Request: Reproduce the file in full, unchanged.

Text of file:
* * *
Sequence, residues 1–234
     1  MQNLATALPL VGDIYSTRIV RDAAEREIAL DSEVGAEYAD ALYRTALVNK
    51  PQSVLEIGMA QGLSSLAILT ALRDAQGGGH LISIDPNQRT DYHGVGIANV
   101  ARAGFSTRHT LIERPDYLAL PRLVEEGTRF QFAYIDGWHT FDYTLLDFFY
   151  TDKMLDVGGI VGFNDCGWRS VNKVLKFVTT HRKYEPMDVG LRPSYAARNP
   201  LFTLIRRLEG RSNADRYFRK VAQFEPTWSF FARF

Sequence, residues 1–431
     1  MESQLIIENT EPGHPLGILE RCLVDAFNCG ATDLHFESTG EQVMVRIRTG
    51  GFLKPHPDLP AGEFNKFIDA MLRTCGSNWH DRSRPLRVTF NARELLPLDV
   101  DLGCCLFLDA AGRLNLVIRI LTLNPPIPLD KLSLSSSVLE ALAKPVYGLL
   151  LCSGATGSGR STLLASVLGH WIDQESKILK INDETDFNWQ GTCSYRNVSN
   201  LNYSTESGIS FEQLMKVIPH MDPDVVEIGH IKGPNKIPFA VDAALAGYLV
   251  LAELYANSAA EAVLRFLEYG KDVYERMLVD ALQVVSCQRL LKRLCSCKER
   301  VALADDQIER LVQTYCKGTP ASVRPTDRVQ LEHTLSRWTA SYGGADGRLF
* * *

Sequence, residues 1–234
     1  MQNLATALPL VGDIYSTRIV RDAAEREIAL DSEVGAEYAD ALYRTALVNK
    51  PQSVLEIGMA QGLSSLAILT ALRDAQGGGH LISIDPNQRT DYHGVGIANV
   101  ARAGFSTRHT LIERPDYLAL PRLVEEGTRF QFAYIDGWHT FDYTLLDFFY
   151  TDKMLDVGGI VGFNDCGWRS VNKVLKFVTT HRKYEPMDVG LRPSYAARNP
   201  LFTLIRRLEG RSNADRYFRK VAQFEPTWSF FARF

Sequence, residues 1–431
     1  MESQLIIENT EPGHPLGILE RCLVDAFNCG ATDLHFESTG EQVMVRIRTG
    51  GFLKPHPDLP AGEFNKFIDA MLRTCGSNWH DRSRPLRVTF NARELLPLDV
   101  DLGCCLFLDA AGRLNLVIRI LTLNPPIPLD KLSLSSSVLE ALAKPVYGLL
   151  LCSGATGSGR STLLASVLGH WIDQESKILK INDETDFNWQ GTCSYRNVSN
   201  LNYSTESGIS FEQLMKVIPH MDPDVVEIGH IKGPNKIPFA VDAALAGYLV
   251  LAELYANSAA EAVLRFLEYG KDVYERMLVD ALQVVSCQRL LKRLCSCKER
   301  VALADDQIER LVQTYCKGTP ASVRPTDRVQ LEHTLSRWTA SYGGADGRLF